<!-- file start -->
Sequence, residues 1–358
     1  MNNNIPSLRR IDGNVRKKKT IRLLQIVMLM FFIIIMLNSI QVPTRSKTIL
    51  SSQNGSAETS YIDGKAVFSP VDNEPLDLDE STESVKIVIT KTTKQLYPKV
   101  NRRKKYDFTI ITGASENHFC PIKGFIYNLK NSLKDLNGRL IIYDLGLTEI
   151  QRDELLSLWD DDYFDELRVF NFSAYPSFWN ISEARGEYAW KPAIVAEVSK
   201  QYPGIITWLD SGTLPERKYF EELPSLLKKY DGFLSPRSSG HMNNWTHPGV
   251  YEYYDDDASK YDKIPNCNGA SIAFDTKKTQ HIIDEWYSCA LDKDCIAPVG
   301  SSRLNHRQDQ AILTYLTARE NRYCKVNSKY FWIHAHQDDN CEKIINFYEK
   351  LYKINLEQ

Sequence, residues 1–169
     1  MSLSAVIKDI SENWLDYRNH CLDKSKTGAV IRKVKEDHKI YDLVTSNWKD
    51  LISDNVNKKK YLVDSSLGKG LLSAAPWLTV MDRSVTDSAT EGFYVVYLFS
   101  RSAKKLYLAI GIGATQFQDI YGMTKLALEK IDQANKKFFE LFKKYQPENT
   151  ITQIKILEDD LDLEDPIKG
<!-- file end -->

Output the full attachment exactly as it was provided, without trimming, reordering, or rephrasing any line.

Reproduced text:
Sequence, residues 1–358
     1  MNNNIPSLRR IDGNVRKKKT IRLLQIVMLM FFIIIMLNSI QVPTRSKTIL
    51  SSQNGSAETS YIDGKAVFSP VDNEPLDLDE STESVKIVIT KTTKQLYPKV
   101  NRRKKYDFTI ITGASENHFC PIKGFIYNLK NSLKDLNGRL IIYDLGLTEI
   151  QRDELLSLWD DDYFDELRVF NFSAYPSFWN ISEARGEYAW KPAIVAEVSK
   201  QYPGIITWLD SGTLPERKYF EELPSLLKKY DGFLSPRSSG HMNNWTHPGV
   251  YEYYDDDASK YDKIPNCNGA SIAFDTKKTQ HIIDEWYSCA LDKDCIAPVG
   301  SSRLNHRQDQ AILTYLTARE NRYCKVNSKY FWIHAHQDDN CEKIINFYEK
   351  LYKINLEQ

Sequence, residues 1–169
     1  MSLSAVIKDI SENWLDYRNH CLDKSKTGAV IRKVKEDHKI YDLVTSNWKD
    51  LISDNVNKKK YLVDSSLGKG LLSAAPWLTV MDRSVTDSAT EGFYVVYLFS
   101  RSAKKLYLAI GIGATQFQDI YGMTKLALEK IDQANKKFFE LFKKYQPENT
   151  ITQIKILEDD LDLEDPIKG